By Robert C. Koehler

The crowds keep swelling, as though awareness, determination -- humanity itself -- were rising up from the earth. Einstein observed that we can never solve problems at the same level of thinking that created them. I hear the resonance of a new moral intelligence asserting itself, on the streets of the Middle East, in the United States and around the world.

"You can kill a man," said Medgar Evers, "but you can't kill an idea."

But oh, they try, they try. Hundreds were killed and wounded across the Middle East in recent weeks. "In the southern city of Aden," AP reports, "Yemeni security forces opened fire on thousands of demonstrators after Friday's Muslim prayers, wounding at least 19 people."

Our whole approach to security is built around the assumption that you can kill an idea. Guns, brutality, coercion: This is the common wisdom. It's sustained by a moral numbness that permeates mainstream culture and is carried along by the corporate media, which perpetuate a facile misunderstanding of the world with the throwaway certitudes embedded in their reportage.

Consider, for instance, this stunning little say-nothing sentence that I plucked from an AFP dispatch about NATO's possible killing of 65 civilians (including 40 children) during a recent strike in Kunar province, Afghanistan:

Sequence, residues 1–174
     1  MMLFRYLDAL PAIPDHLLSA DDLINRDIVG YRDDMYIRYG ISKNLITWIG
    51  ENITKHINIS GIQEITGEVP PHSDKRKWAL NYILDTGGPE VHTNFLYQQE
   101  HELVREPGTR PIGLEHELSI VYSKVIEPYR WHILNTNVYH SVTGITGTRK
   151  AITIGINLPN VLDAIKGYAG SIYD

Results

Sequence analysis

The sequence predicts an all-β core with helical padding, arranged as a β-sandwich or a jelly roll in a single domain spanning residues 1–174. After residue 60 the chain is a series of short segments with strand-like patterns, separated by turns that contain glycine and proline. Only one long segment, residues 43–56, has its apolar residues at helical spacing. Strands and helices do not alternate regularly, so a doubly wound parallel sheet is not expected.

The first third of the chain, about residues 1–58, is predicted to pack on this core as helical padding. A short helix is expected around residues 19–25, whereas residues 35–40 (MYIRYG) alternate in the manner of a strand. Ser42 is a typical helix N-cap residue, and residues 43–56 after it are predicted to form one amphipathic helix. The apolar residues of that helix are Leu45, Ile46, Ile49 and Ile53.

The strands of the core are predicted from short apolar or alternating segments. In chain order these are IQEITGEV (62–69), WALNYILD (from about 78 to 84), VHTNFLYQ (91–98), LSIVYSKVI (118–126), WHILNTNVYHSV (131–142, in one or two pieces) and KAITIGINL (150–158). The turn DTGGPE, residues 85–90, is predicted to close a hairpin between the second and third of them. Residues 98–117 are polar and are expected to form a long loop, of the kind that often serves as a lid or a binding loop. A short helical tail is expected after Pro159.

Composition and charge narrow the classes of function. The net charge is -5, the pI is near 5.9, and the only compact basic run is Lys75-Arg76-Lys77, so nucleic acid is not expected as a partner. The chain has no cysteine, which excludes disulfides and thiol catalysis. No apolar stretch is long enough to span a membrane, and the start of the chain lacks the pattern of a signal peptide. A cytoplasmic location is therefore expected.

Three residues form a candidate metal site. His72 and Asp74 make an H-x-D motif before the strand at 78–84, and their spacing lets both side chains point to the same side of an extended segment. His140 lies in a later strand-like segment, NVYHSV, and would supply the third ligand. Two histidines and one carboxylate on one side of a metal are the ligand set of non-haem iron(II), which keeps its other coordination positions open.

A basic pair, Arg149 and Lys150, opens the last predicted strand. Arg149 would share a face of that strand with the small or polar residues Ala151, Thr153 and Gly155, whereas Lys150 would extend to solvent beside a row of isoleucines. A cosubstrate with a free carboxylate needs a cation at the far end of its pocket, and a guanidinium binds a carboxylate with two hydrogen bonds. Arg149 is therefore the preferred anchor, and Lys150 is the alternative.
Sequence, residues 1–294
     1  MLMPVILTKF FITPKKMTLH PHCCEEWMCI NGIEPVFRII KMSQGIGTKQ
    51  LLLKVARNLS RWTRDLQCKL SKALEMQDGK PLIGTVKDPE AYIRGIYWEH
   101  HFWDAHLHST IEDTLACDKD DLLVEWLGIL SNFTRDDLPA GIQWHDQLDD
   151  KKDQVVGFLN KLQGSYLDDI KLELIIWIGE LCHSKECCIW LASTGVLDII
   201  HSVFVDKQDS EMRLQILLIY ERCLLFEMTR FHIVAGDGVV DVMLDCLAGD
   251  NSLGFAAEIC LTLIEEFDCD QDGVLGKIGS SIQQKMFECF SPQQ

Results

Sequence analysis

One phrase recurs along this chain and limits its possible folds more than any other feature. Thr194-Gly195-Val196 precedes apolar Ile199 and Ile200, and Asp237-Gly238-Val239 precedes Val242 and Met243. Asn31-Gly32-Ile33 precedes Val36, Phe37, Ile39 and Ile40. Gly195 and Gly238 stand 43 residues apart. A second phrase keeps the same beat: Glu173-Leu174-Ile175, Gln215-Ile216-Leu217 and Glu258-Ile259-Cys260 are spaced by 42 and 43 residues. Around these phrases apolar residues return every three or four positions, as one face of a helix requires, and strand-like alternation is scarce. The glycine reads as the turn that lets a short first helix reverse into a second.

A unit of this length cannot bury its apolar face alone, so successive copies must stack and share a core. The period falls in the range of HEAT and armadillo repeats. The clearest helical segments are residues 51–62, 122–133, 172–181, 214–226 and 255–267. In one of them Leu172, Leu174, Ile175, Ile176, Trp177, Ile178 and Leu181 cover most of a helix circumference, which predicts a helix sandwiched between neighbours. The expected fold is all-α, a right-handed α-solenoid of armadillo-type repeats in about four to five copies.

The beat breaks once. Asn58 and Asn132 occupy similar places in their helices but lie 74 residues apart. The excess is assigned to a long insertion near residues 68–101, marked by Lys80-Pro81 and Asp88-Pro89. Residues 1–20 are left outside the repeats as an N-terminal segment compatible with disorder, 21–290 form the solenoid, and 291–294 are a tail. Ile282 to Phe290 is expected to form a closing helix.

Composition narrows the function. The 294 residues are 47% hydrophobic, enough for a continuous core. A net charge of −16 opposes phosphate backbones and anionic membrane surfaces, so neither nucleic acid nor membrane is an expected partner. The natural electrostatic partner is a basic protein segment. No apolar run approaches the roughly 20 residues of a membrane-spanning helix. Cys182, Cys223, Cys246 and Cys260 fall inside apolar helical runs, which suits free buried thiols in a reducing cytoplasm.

"The accidental deaths of civilians in international military operations is a highly sensitive subject in Afghanistan -- particularly in Kunar -- which experts and officials say can fuel support for the Taliban-led insurgency."

A reader can glide so smoothly past such military-industrial truisms, hardly noticing that the subject under discussion is flesh and blood, the lives of people who have the bad luck to be living in a war zone. These people, alas, keep getting in our way as we set about the grim task of killing "insurgents," that is to say, believers in a particular idea.

There's no grief in such language, no horror, no sense of wonderment that we're operating out of a 12th-century "kill them all, let God sort them out" mindset, constrained only by the tedious sensitivity they have over there about dead children. Rolling Stone recently broke a mini-scandal about the Army's use of "psy-ops" propaganda on visiting U.S. congresspersons in order to cajole more funding for its Afghan operations, but as far as I'm concerned, much of the media colludes in psy-ops reporting aimed at keeping the whole country hoodwinked and stupid.

I've despaired for years that the voices calling for a world beyond war and the corporate agenda have been effectively marginalized, with no more than a symbolic place in our sophisticated pseudo-democracy -- and certainly no leverage to exert on actual policy.

But this is what is suddenly changing. The "street" and the "masses" have actually found -- maybe rediscovered is the right word -- the power of nonviolent collective action. And the cradle of this new approach to civilization is not in the comfortably snoozing West but in the impoverished and long-brutalized Middle East, where every despot has either tumbled or is shaking in his boots -- and where violence has suddenly been stripped of its righteousness and been exposed as weakness, no matter how much mayhem it produces.